In 1997, the children's book La Gallinita Que Queria Ver El Mar (The Little Hen Who Wanted to See the Sea) written by Christian Jolibois (author) and Christian Heinrich (illustrator), both from France, made a stunning debut in Europe. Hence, "the Little Hen" series received warm welcome and won several literature awards on home soil, including the Cherbourg Teenagers' Book Awards in 2001.
In 2006, the Chinese edition of "the Little Hen" series was published by the 21st Century Publishing House. To this day, it hits a record of more than 1 million copies since first printed, becoming a bestseller in the genre of children's books, according to dangdang.com, one of the leading online booksellers in the Chinese mainland.
The two authors came to China in mid October this year and shared their views on their books as well as the joy of reading with Beijing Review.
Q: How do you view your books?
Christian Jolibois: One of the successes of the series is that they can make readers laugh -- for children, who are interested in some plots or stories, will feel happy to see illustrations; for parents, who have better understanding about stories, will enjoy reading.
Christian Heinrich: We did not mean to express philosophy or thinking in our books; all we wanted to do is to make children feel happy and laugh. We would like to let children feel and discover the world through the stories, which will also get the real life involved.
Q: This is the first time that both of you have visited China. What was your impression about Beijing?
Christian Jolibois: My first impression was energetic. People here were happy; I saw smiling faces everywhere. To be honest, all my memories about China could basically be traced back to before the 1980s, so I'm just wondering how it happened -- to reach a sea change in terms of temperament.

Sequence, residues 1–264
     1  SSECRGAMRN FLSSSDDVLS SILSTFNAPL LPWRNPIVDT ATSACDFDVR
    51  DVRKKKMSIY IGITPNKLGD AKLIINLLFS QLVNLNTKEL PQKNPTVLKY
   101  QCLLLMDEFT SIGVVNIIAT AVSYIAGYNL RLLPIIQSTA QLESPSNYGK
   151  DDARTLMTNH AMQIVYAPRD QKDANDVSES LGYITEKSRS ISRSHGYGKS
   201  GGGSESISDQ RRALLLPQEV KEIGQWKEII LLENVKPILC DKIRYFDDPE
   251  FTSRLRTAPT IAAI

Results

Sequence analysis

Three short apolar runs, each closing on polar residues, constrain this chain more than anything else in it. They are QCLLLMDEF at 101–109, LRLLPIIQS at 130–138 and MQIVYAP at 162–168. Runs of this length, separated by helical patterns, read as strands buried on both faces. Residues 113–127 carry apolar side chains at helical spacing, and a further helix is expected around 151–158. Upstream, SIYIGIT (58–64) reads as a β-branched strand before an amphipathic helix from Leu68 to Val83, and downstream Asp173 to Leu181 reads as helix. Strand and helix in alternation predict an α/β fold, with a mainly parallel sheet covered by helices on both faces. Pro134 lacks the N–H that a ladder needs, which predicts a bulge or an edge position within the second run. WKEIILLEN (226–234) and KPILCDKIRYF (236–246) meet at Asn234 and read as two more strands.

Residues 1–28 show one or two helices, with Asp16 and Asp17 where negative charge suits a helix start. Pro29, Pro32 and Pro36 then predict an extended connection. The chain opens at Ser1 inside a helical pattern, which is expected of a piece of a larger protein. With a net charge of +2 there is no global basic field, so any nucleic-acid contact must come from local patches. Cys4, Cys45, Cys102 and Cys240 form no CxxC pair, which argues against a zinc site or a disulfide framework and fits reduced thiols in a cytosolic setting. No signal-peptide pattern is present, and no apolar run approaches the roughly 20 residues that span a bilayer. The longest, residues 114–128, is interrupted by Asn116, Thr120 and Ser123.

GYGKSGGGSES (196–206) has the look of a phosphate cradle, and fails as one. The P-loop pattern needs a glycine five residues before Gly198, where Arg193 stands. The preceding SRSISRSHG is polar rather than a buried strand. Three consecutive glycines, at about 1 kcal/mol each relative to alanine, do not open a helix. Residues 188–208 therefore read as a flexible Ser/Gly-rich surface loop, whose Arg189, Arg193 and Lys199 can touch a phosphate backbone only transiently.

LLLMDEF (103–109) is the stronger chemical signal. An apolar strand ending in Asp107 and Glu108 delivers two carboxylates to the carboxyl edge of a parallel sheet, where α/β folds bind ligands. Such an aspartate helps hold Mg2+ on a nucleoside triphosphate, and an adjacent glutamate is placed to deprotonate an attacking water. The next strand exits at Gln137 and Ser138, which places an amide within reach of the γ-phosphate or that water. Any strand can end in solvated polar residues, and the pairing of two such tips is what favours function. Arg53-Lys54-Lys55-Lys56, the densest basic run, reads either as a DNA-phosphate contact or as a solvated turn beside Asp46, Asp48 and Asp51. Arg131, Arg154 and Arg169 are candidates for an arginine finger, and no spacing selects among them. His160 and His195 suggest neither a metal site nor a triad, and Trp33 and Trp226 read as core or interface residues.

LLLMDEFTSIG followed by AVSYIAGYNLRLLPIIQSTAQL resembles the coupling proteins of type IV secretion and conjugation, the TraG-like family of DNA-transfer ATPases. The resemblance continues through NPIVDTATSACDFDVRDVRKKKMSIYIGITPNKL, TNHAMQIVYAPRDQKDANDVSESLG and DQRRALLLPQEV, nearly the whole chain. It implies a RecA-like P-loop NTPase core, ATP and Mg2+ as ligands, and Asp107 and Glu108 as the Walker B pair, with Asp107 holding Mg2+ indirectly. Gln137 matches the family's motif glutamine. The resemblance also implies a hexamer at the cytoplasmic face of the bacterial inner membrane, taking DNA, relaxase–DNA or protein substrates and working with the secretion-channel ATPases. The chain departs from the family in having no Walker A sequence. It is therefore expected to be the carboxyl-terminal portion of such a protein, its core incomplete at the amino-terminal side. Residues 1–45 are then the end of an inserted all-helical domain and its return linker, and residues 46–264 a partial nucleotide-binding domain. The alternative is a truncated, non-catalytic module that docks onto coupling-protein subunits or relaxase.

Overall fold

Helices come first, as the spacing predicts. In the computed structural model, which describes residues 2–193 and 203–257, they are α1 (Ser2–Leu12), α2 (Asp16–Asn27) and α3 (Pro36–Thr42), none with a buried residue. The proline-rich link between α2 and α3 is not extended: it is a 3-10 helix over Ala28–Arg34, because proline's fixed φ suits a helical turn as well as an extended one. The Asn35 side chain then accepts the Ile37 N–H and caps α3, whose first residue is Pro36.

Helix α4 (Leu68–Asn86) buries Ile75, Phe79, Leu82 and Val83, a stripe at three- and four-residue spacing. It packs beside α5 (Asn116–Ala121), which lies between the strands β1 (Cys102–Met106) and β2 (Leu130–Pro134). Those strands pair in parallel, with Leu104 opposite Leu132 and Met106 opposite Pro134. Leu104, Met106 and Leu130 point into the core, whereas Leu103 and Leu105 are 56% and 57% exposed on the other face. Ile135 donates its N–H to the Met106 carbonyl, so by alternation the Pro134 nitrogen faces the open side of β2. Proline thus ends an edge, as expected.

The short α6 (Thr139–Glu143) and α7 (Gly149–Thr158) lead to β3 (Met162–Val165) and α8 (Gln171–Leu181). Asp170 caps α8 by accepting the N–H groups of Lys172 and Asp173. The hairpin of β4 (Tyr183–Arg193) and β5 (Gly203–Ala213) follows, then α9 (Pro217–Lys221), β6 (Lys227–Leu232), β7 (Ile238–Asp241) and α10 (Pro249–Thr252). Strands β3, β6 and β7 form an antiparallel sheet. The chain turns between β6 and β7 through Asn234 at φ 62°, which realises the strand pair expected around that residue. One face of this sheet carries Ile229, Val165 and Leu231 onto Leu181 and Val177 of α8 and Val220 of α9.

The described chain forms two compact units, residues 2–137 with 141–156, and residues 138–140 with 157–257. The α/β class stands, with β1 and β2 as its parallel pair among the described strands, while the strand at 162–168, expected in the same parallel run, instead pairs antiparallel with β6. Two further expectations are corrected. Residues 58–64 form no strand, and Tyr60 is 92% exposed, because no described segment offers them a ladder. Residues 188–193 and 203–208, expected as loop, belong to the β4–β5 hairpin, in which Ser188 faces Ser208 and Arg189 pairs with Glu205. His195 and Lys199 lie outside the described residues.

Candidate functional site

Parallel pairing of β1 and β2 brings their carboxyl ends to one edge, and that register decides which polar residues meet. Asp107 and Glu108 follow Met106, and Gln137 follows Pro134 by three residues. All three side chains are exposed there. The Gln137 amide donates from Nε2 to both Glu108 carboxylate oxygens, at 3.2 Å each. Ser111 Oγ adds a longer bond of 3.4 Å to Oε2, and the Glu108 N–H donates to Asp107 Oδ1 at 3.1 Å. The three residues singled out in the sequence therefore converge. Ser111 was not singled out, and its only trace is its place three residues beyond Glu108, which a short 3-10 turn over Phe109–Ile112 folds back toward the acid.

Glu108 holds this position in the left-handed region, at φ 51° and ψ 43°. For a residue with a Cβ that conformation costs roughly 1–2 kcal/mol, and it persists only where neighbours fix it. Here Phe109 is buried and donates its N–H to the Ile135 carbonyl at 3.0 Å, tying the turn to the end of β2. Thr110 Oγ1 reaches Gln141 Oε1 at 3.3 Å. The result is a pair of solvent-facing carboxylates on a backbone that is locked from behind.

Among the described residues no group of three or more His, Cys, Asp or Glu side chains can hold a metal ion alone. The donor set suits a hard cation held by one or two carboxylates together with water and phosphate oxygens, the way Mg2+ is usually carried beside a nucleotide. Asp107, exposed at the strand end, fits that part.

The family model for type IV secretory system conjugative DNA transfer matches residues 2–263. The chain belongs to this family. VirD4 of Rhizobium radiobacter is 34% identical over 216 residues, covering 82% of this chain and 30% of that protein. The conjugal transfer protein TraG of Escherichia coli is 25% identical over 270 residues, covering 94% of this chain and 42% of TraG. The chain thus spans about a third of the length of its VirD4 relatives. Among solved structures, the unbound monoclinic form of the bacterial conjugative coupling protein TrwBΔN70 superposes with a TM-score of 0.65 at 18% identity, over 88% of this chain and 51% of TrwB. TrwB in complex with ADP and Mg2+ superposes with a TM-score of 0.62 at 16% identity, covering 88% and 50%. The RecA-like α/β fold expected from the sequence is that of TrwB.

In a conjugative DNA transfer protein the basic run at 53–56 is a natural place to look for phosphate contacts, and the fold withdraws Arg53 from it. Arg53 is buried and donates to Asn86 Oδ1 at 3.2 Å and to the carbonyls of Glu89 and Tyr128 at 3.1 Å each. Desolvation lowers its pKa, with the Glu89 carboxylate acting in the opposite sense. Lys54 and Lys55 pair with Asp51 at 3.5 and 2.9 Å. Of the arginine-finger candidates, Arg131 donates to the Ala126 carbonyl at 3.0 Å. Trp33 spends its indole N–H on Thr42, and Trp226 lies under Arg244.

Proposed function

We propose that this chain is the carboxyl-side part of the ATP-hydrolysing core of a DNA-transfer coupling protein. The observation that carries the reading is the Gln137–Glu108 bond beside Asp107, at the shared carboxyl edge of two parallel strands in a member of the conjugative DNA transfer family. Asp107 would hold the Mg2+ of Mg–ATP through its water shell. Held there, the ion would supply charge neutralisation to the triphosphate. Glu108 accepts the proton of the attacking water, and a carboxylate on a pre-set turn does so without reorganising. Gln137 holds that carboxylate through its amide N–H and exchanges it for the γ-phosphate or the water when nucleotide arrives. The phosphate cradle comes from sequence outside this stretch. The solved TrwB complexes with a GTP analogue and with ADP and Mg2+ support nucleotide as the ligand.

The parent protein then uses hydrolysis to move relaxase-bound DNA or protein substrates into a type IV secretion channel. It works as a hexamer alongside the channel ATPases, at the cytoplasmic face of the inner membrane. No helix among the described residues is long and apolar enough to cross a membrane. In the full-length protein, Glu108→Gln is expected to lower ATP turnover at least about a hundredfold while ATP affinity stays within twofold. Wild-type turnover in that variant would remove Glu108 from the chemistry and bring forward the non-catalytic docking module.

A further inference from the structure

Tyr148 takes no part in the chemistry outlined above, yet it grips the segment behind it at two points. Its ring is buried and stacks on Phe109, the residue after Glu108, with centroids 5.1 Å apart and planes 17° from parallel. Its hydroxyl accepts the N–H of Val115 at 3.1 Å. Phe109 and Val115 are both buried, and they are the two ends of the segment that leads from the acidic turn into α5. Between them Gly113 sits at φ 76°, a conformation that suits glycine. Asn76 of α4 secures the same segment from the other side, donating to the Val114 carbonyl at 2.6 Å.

Q: So far, "the Little Hen" series has hit a record of more than 1 million copies sold. Is it beyond your expectations that they would receive such a warm welcome among Chinese readers? Did you know anything about Chinese arts at home?
Christian Jolibois: I was shocked about the sales results and I felt happy that Chinese readers like our books. I knew little about Chinese arts back home in France, because most information about China that appeared in the press was about politics. The only person related to China that came to my mind was Zhao Wuji, a painter.
Q: Did you think about cultural differences in the books?
Christian Jolibois: I have to admit that the first book I wrote in 1997 was specifically aimed at European readers; we did not think about the readers in Asia, so there were some stories hardly understood by Asian children and parents.
I think I have learnt something about Chinese culture this time, which I was unfamiliar with at home; I am very curious about it. It is possible that I can now add some new and fresh things in my future books.
Q: It seems that children in China have become less interested in reading; and resort to TV programs and the Internet instead. How about the situation in Europe?
Christian Jolibois: Children in France, like their Chinese peers, spend more time playing online games; the time for reading becomes less and less. In fact, reading could bring them space for imagination and creation; online games focus on result, not the process, which is really worrying. So far, there is no good solution to address the problem.
Christian Heinrich: I have two children. I won't prevent them from playing online games since it's a kind of social trend; but I will limit their games' time. The time for their reading is before sleeping.
Q: How many books will you write in the future?
Christian Jolibois: Well, I could not tell you the exact number. I won't stop writing until the day the readers can't find anything interesting in the books. I think we won't let the readers down.
Christian Heinrich: We have lots of good ideas yet to be realized, so we will continue to write.